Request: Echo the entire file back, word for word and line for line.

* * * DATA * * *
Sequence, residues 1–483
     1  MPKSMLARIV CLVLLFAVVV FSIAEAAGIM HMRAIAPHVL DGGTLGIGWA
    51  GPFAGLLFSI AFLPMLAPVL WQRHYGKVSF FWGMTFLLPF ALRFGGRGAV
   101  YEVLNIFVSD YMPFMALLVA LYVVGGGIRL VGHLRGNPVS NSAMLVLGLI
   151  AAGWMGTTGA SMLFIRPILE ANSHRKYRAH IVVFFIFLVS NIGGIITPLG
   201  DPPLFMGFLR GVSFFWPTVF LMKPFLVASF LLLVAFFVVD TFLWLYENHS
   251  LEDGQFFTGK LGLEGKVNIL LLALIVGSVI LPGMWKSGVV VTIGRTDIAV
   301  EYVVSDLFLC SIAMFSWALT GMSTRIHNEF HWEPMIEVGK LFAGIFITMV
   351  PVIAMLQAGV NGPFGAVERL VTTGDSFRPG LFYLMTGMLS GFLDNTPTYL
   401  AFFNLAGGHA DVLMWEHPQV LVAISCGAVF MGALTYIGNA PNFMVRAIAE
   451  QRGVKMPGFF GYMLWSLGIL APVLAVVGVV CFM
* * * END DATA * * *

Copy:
Sequence, residues 1–483
     1  MPKSMLARIV CLVLLFAVVV FSIAEAAGIM HMRAIAPHVL DGGTLGIGWA
    51  GPFAGLLFSI AFLPMLAPVL WQRHYGKVSF FWGMTFLLPF ALRFGGRGAV
   101  YEVLNIFVSD YMPFMALLVA LYVVGGGIRL VGHLRGNPVS NSAMLVLGLI
   151  AAGWMGTTGA SMLFIRPILE ANSHRKYRAH IVVFFIFLVS NIGGIITPLG
   201  DPPLFMGFLR GVSFFWPTVF LMKPFLVASF LLLVAFFVVD TFLWLYENHS
   251  LEDGQFFTGK LGLEGKVNIL LLALIVGSVI LPGMWKSGVV VTIGRTDIAV
   301  EYVVSDLFLC SIAMFSWALT GMSTRIHNEF HWEPMIEVGK LFAGIFITMV
   351  PVIAMLQAGV NGPFGAVERL VTTGDSFRPG LFYLMTGMLS GFLDNTPTYL
   401  AFFNLAGGHA DVLMWEHPQV LVAISCGAVF MGALTYIGNA PNFMVRAIAE
   451  QRGVKMPGFF GYMLWSLGIL APVLAVVGVV CFM